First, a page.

On “The Crash Room”
By Kelley J. White
THE CRASH ROOM
here is where I run in slow motion
clipboard as shield keys clanking
stethoscope banging breast with each beat
chanting the mantra of resuscitation: adrenalin
bretylium bicarbonate dopamine
and the door has flung open on a child
seizing a child
bleeding a child whose shoulders convulse
with electroconversion shock
a child burned a child
crushed a child struck torn broken fixed
pupils pinpoint dulled eyes swollen shut shut
and I will be the one at the ankle
threading a line
the one pushing chest
the one counting with an ear at the mouth
the one cutting
clothes the one pushing tubes
the one standing on the ceiling
—Poet Lore Vol. 97, No. 3/4
This is the urgency of Code Blue. Doctor Stat. Arrest. I was twenty-five years old, an intern in a crumbling inner-city hospital in a crumbling neighborhood in North Philadelphia. I’d chosen St. Christopher’s for its smiling apple logo and a fleeting sense that my peers would support me; that I just might be able to survive a three-year residency and then begin a life; that a dozen of us—new doctors in training, each issued two sets of scrubs, proud of not sleeping, arrogant with our beepers and bloodied shoes, clutching our cold coffee on rounds—could invent together a better way to fix lives. I was terrified. I was exhausted. I was dangerous and full of intolerant self-importance.
I hope that “The Crash Room,” written twenty years later, contains some of that terror, rushing—the stuttering footsteps down a dim hall, the stuttering heartbeat. I left the lines unstopped. Let there be the chopping rhythm of awful discovery. Let there be the eerie smoothness that comes with the loss after the adrenalin lets go. The momentary identification with the patient, as our chief resident taught us: at a code, ‘the first pulse to check is your own.”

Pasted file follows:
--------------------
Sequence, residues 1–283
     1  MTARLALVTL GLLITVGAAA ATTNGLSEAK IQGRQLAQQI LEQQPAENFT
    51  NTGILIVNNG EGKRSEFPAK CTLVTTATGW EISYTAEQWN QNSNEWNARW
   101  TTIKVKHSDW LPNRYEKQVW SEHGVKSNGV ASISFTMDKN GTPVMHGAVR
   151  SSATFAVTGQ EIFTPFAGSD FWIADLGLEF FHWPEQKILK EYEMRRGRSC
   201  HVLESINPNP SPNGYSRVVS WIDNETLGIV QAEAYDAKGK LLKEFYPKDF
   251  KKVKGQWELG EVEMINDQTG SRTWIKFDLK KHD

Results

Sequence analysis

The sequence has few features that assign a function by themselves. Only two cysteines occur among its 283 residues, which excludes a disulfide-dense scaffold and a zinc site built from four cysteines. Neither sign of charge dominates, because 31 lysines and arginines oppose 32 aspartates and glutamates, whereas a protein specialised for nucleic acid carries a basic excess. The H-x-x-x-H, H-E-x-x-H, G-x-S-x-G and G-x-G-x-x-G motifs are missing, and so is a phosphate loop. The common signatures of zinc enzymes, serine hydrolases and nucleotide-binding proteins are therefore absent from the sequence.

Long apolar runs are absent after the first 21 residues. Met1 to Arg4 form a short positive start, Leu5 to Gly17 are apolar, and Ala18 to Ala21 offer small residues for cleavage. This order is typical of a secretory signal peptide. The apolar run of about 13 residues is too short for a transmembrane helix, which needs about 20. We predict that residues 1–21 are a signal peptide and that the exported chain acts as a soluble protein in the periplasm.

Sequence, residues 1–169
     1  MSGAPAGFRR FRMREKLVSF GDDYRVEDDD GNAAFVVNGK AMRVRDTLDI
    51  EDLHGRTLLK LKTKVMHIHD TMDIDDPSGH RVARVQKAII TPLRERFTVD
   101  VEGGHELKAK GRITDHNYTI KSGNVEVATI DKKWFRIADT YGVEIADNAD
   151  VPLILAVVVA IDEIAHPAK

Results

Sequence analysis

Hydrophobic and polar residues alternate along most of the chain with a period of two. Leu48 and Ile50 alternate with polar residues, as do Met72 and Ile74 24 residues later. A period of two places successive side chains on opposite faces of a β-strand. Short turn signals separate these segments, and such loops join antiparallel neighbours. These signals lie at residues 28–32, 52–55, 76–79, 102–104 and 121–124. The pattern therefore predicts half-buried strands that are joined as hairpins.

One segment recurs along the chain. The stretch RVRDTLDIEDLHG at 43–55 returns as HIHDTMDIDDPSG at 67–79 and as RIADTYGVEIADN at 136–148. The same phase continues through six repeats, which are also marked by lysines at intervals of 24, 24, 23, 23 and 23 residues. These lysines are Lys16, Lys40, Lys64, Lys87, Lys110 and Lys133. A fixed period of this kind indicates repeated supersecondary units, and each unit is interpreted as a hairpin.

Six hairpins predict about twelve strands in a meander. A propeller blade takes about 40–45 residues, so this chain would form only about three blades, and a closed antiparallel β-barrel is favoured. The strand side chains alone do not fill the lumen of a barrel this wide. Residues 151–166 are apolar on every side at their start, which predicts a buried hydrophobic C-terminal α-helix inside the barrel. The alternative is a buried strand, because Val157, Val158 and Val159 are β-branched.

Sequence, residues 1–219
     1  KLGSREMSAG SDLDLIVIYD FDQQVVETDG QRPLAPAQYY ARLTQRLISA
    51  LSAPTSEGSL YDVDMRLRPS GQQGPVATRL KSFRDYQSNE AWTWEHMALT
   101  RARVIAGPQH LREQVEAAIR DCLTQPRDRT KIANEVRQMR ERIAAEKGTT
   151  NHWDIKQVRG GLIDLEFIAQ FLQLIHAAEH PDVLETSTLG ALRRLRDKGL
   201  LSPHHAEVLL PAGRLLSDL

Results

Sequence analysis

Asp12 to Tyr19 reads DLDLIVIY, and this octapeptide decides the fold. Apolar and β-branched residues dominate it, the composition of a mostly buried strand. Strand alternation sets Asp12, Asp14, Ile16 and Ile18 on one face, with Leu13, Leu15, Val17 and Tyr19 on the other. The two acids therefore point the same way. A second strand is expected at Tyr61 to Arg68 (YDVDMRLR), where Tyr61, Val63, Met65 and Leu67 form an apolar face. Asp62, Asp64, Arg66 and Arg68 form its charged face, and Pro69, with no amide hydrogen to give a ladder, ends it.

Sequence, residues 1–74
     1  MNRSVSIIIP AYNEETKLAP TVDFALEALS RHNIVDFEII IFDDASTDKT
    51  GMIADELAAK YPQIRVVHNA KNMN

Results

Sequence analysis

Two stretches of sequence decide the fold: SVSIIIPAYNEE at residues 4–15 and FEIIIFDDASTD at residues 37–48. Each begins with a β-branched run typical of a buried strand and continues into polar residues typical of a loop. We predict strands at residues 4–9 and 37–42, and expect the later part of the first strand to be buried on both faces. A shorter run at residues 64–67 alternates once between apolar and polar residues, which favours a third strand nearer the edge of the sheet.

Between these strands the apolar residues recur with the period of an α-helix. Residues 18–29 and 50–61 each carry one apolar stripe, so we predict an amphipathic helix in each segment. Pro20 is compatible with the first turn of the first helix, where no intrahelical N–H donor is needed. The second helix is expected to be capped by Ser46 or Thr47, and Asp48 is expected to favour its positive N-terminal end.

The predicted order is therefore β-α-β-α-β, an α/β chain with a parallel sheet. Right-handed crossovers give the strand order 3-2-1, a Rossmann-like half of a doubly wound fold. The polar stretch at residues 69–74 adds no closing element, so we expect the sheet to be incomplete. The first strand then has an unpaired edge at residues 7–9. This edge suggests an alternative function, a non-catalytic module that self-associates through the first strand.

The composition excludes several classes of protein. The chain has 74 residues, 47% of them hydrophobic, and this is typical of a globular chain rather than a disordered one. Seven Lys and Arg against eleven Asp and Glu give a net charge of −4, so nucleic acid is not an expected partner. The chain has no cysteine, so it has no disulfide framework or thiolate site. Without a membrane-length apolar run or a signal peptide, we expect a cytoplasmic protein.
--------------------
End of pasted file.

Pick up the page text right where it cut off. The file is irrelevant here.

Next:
“The Crash Room” published in Poet Lore in 2002, became part of my collection Toxic Environment, published by Boston Poet Press in 2008. Oddly, that manuscript also includes a later poem, “After performing CPR,” which appeared in Kalliope in 2003. It uses a similar non-punctuated enjambed strategy but is intended to have a slower pace, using the softer sounds of s’s and f’s, instead of the hard c’s and b’s of “The Crash Room.” It tries to remember the body experience of CPR—the way the rhythm stays with the body for days after the event, like dozing off after an evening of dancing a dark, desperate dance.
AFTER PERFORMING CPR
like skiing the white hills of sleep
following mountains all the bright chill
day the rhythm of falling in time with
a wind singing above the flight falling
yet never touching ground sweet sore
muscle learned and the child will breathe
will open her eyes this time will breathe
Thirty years later now, the experience stays with me. Though it’s no longer a frequent requirement in my work, where the major emergencies are ‘social’ (child abuse, foster care, substance abuse, mental illness, homelessness, kids falling into the criminal justice system), I still listen with a stethoscope and use an otoscope and opthalmoscope for exams. But I try more and more to see and hear with my eyes and ears and a thinking heart. I’ve come back to my little town in New Hampshire and found it every bit as much suffering, and more, for children in this pristine rural environment than in my ‘Toxic’ city. At the present, I am not writing many poems. I thought I’d write about nature here in the pine woods or spiritual life, gazing at white steeples. Perhaps, in another thirty years, my words will be shaped by the urgent sufferings of these children. It may be urgent that I write these stories before they are forgotten or I run out of time.
After 30 years of pediatric practice in inner-city Philadelphia, Kelley J. White now practices at a rural health center in her home state, New Hampshrie. She received a Pennsylvania Council on the Arts fellowship in poetry in 2008, which helped to support work on her most recent collection, TWO BIRDS IN FLAME, poems related to the Shaker themes, and published by Beech River Books.
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